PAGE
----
Existing Indigenous Languages of California
Language Language Family Tribe(s) Number of Speakers
Karuk Hokan Karok 700
Kumeyaay Yuman Kumeyaay 427
Yurok Algic Yurok 414
Mono Uto-Aztecan Mono

Owens Valley Paiute

Mojave Yuman Mohave 330
Luiseño Uto-Aztecan Payómkawichum/Luiseño


Quechan Yuman Quechan 290
Cahuilla Uto-Aztecan Cahuilla 139
Tiipai-Kumeyaay Yuman Kumeyaay 100
Achumawi Shasta Achomawi 68
Tachi Yok-Utian Santa Rosa Rancheria (Yokut) 45
Chumash (any Chumash) Chumashan Chumash 39
Nomlaki Wintuan Nomlaki 38
Konkow Maiduan Mechoopda (Maidu) 32
Yawelmani Yok-Utian Tule River Reservation (Southern Valley Yokuts) 25
Kashaya Hokan Kashia 24
Wintu Wintuan Wintu 24
Timbisha Uto-Aztecan Timbisha 20
Washo Hokan Washoe 20
Atsugewi Shasta Atsugewi 15
Central Sierra Miwok Utian Chicken Ranch Rancheria of Me-Wuk Indians of California (Miwok) 12
Cupeño Uto-Aztecan Cupeño 11
Chukchansi Yok-Utian Picayune Rancheria of Chukchansi Indians (Yokut) 8
Southern Sierra Miwok Utian Plains and Sierra Miwok 7
Southeastern Pomo Hokan Pomo 7
Serrano Uto-Aztecan Serrano 6
Ipai-Kumeyaay Yuman Kumeyaay 6
Kawaiisu Uto-Aztecan Kawaiisu 5
Tübatulabal Uto-Aztecan Tübatulabal 5
Tolowa Athabaskan Tolowa


Hupa Athabaskan Hupa


Chemehuevi Uto-Aztecan Chemehuevi 3
Shasta Shastan Shasta 2
Patwin Wintuan Patwin 1
Wikchamni Yok-Utian Wukchumni (Yokut) 1
Chochenyo (Ohlone) Utian Chochenyo; within the Muwekma Ohlone Tribe 1

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  102. ^ a b c d e f g h i j k l m n o p q r s t u v w x y z aa ab ac ad ae af ag ah ai aj ak al am an ao ap aq ar as at au av aw ax ay az ba Heizer, Robert F., volume editor (1978). Handbook of North American Indians, Volume 8: California. Washington, DC: Smithsonian Institution. ISBN 978-0-16-004574-5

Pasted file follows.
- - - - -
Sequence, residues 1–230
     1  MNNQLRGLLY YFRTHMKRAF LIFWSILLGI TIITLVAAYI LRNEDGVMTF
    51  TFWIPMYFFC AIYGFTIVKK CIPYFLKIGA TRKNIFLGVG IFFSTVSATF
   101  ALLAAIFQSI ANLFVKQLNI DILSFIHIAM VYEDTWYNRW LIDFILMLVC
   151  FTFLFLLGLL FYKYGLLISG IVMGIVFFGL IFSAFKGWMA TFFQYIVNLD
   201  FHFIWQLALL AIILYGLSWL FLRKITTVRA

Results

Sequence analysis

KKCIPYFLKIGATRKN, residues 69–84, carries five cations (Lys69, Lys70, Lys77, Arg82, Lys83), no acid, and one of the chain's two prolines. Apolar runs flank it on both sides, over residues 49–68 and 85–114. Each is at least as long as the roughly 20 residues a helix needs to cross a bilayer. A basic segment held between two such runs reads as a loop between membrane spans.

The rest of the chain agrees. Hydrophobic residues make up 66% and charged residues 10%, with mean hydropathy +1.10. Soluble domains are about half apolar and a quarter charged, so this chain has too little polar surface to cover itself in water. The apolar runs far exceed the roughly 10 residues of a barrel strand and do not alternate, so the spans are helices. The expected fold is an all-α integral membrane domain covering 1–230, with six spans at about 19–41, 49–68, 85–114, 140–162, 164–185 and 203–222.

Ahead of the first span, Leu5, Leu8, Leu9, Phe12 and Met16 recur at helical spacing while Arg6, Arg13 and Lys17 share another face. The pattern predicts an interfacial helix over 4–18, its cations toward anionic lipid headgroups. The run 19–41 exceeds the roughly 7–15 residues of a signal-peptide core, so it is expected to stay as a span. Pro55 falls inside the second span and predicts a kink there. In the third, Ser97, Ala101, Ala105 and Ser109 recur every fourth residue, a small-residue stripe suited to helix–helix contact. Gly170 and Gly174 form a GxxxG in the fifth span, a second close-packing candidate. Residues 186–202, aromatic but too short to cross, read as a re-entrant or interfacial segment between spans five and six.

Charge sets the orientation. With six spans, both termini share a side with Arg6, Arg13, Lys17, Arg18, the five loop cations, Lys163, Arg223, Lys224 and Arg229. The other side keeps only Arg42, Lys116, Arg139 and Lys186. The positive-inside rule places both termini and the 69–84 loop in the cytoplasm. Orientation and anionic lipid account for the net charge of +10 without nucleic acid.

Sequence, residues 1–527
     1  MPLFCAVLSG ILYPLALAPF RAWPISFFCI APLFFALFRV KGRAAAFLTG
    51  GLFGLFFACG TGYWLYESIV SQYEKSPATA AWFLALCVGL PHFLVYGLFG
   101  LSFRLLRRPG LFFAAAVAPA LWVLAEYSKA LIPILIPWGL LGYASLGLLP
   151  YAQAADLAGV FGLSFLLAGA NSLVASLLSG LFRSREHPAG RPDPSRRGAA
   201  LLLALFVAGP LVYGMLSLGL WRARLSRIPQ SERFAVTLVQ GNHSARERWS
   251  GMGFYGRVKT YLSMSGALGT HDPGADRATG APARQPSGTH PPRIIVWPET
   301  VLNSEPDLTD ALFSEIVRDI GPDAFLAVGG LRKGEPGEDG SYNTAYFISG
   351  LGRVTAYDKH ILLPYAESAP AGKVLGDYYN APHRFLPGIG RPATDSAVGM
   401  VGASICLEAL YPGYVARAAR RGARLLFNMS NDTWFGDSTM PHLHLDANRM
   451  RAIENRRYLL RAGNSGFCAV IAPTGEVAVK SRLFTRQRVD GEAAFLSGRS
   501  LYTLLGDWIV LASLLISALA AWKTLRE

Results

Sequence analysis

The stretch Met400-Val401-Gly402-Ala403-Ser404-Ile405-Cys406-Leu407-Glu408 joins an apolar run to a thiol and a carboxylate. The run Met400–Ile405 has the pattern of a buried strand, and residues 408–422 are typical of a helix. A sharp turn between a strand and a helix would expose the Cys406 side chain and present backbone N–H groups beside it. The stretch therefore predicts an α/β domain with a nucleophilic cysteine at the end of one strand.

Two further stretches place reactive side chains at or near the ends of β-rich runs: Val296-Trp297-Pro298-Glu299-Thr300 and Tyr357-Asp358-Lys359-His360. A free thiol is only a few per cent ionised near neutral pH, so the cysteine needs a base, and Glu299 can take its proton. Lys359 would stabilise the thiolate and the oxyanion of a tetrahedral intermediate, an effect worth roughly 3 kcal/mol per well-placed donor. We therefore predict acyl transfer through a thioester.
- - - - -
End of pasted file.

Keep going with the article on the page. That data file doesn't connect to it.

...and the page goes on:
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  104. ^ a b Hinton, Leanne (1994). Flutes of Fire: Essays on California Indian Languages. Heyday Books. ISBN 978-0-930588-62-5.
  105. ^ Codding, B. F.; Jones, T. L. (2013). "Environmental productivity predicts migration, demographic, and linguistic patterns in prehistoric California". Proceedings of the National Academy of Sciences. 110 (36): 14569–14573. Bibcode:2013PNAS..11014569C. doi:10.1073/pnas.1302008110. PMC 3767520. PMID 23959871.
  106. ^ a b c Golla, Victor (2011). California Indian Languages. Berkeley: University of California Press. ISBN 978-0-520-26667-4

Further reading[edit]

  • Hinton, Leanne (1994). Flutes of Fire: Essays on California Indian Languages. Berkeley: Heyday Books. ISBN 0-930588-62-2.
  • Hurtado, Albert L. (1988). Indian Survival on the California Frontier. Yale Western Americana series. New Haven: Yale University Press. ISBN 0300041470.
  • Lightfoot, Kent G. and Otis Parrish (2009). California Indians and Their Environment: An Introduction. Berkeley: University of California Press. ISBN 978-0-520-24471-9.

External links[edit]